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writing | Bethany Suckrow
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What Creativity Really Demands.

My senior year of college I had to hide away in the bedroom of my dorm apartment to study. My three roommates and I had arranged our desks in the living room, right next to our couch and television because it was all the room we had. But as the semester wore on, my desk sat vacant. I found that my best work happened in that little red armchair in the corner of our bedroom with the door shut. I just couldn’t crank out 15-page papers with Flava Flave and roomie chatter as my background noise. I even swore off social media that spring so that I could ace my 40-page capstone research paper. (It worked.)

Today my writing requires that same level of discipline: a quiet space, no distractions. I have a full-time job and for the last year I’ve been working on my memoir proposal. I sacrifice free evenings and weekends, I wake myself up earlier than I want to. My bedroom is my makeshift office. I shove my phone in my nightstand drawer, perch my laptop on my legs as I sit on my bed, and eventually the words come.

If I want to write, I have to accept the fact that these scraps of space and spare time are all I have to work with.

I thought that was hard enough, but then my laptop display light died last week. You can imagine my horror. The screen went dark and I was absolutely sure that my career as a writer was snuffed out with it. I took it to a techy friend who confirmed that yes, my trusty old 2007 Macbook was finally showing its age, and no, it can’t be repaired. My only option was to buy a $20 adaptor to hook it up to a PC monitor and use it as a desktop. So that’s where I write to you now : not in my cozy, quiet office/bedroom, but in my living room/dining room/kitchen/office (bless the open floor plan). My husband is watching a movie 10 feet away from me and I’m trying to ignore the siren song of that last slice of blackberry pie in my fridge.

Last week a famous author who has been hugely influential in my work wrote a blog post about what writing a book really requires. He told the story of having to spend a week away at a cabin in the woods recently in order to finish his next book. You have to live inside it, he said. You have to go to the cabin; a book will demand your all that way. Think you can’t afford the luxury of time away in a cabin to write your book? That makes me sad, he said, because it probably isn’t true.

Truthfully, his words really stung. Not because I’m opposed to the idea that writing a book takes sacrifice, but because his post implied that the sacrifices I am already making are not enough. I read those words and sat there thinking to myself about my Macbook’s failing health. What I wouldn’t give for a new computer, let alone a cabin in the woods, amiright?! And yet even I enjoy certain privileges that others don’t have : I have a job that pays the bills, I am child-free, I have a spouse that will pick up my slack when I need an extra hour to write, I have a roof over my head; I have a computer that, despite its issues, still works.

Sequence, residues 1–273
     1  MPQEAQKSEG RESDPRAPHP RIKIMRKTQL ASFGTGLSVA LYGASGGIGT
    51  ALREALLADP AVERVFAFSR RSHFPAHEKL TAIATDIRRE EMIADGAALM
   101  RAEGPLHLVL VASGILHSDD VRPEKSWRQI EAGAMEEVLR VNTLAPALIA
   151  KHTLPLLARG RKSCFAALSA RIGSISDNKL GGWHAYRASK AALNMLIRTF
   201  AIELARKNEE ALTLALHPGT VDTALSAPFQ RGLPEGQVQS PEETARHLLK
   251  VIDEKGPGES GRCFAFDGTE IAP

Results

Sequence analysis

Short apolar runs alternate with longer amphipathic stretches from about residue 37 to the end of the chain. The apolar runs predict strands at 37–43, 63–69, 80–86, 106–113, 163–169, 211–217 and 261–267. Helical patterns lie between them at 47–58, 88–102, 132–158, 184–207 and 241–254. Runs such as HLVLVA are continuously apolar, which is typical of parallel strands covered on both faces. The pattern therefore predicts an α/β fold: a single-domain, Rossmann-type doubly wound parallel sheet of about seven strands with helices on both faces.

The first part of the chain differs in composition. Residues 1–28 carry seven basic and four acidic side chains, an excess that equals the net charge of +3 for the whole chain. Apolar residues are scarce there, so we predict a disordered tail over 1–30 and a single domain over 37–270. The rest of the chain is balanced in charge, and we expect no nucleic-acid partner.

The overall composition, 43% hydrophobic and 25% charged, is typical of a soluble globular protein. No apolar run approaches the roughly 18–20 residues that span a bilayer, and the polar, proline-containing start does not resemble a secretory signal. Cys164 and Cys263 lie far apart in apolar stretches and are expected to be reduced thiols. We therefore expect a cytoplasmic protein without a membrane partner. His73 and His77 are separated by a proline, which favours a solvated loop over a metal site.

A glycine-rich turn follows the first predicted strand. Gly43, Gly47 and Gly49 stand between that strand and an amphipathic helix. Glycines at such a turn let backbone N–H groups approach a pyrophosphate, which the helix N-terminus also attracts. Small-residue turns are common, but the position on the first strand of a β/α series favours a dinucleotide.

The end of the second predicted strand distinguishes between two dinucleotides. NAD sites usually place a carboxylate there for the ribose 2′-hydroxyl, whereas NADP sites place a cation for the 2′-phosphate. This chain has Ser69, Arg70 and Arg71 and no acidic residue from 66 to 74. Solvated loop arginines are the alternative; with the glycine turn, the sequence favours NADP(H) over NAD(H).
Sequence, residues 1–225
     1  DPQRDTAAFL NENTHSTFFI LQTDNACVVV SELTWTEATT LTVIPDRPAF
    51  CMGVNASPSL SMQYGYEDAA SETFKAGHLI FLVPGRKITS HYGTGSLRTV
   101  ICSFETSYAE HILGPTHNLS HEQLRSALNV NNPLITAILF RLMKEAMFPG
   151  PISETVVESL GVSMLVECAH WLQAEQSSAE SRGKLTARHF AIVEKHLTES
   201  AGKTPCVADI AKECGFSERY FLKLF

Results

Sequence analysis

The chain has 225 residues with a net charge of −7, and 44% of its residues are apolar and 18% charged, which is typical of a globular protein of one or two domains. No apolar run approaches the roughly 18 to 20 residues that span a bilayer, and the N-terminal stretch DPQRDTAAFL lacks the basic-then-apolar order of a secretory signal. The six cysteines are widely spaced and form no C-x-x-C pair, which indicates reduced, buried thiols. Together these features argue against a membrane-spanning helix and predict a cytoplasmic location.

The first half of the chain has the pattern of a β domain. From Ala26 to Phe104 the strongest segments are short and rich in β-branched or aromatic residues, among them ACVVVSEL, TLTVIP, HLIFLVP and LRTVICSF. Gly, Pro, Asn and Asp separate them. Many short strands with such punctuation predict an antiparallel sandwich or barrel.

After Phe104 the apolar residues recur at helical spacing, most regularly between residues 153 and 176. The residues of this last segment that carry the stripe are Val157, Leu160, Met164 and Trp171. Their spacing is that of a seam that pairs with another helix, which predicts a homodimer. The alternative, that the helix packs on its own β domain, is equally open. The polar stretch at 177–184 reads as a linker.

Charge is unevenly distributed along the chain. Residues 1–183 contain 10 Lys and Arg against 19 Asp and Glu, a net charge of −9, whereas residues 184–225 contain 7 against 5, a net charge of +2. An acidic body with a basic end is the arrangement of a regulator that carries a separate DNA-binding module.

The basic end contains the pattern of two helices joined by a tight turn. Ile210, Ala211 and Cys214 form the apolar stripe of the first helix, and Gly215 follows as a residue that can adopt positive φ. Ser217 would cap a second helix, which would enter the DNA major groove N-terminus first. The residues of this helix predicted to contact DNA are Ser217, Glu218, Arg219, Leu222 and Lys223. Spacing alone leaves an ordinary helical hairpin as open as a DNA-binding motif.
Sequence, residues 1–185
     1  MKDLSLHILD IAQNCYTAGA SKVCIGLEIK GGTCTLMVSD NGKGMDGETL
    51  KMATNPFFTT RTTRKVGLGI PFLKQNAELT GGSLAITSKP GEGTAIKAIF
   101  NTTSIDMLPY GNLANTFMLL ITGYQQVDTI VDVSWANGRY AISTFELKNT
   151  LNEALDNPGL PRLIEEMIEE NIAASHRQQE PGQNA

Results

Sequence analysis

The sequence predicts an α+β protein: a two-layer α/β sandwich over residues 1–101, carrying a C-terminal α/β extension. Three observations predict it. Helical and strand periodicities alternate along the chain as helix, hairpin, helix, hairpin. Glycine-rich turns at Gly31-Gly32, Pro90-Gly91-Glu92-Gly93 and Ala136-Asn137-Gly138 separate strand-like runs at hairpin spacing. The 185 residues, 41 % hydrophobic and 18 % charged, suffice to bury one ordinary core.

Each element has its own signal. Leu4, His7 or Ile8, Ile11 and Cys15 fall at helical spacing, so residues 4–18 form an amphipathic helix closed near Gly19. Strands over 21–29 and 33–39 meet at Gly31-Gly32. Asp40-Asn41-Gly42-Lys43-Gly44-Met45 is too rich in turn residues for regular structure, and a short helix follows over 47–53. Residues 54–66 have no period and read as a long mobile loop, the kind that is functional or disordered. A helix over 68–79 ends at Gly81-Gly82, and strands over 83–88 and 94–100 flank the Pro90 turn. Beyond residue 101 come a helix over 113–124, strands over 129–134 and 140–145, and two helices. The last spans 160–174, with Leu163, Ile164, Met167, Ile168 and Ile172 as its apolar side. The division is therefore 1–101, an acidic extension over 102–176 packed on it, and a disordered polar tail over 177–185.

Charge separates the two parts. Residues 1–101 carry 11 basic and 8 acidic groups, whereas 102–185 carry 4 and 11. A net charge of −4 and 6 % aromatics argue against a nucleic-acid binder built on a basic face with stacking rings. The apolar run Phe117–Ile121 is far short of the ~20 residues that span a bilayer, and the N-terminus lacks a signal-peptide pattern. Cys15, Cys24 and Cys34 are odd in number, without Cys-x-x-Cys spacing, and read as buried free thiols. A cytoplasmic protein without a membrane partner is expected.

I’m not writing this post today to attack that writer for his post, or even the idea that writing a book takes sacrifice. He’s not the first famous author to talk about isolating oneself with their work. He’s not even the first to evoke the cabin in the woods. In fact, this idea isn’t even limited to writing, but applies to nearly every form of creativity. It would be fine, perhaps even challenging, if it were just a metaphor. But when it’s not just a metaphor, when it’s a literal prescription that everyone has to live up to if they want to “make it” as a writer or an artist, then it becomes a classist ideal meant to prop up one’s own elitism. What was meant to challenge and encourage writers to be faithful to their work becomes a discouragement because they can’t afford the cabin.

I’m writing this post today because I want to call this idea what it is : scarcity.

Scarcity says that without the cabin, we’ll never be a published writer.

Scarcity says that our story, our words, our resources, our daily lives are not enough.

Scarcity keeps us from starting where we are, because we can’t afford the perfect writing conditions – total isolation, total freedom, total separation from our daily responsibilities.

Scarcity demands perfection and privilege, and those will kill creativity. Perfectionism is the voice of the oppressor, says Anne Lamott, and she’s right – I can’t write with those voices in my head, telling me that I’m not enough.

So what does creativity really require of us, then? Abundance. Faithfulness.

And that looks different for everyone. For some, it’s a cabin in the woods. For others, it’s late nights and early mornings and spare moments.

A very wise – and I should say published – friend said a few days ago that writing is like the loaves and fishes. What we have to offer seems so meager and inadequate, but we give it anyway, and somehow it multiplies. It becomes more than enough.

So from one artist to another, from one Macbook-turned-makeshift desktop to another, I want to offer you abundance today.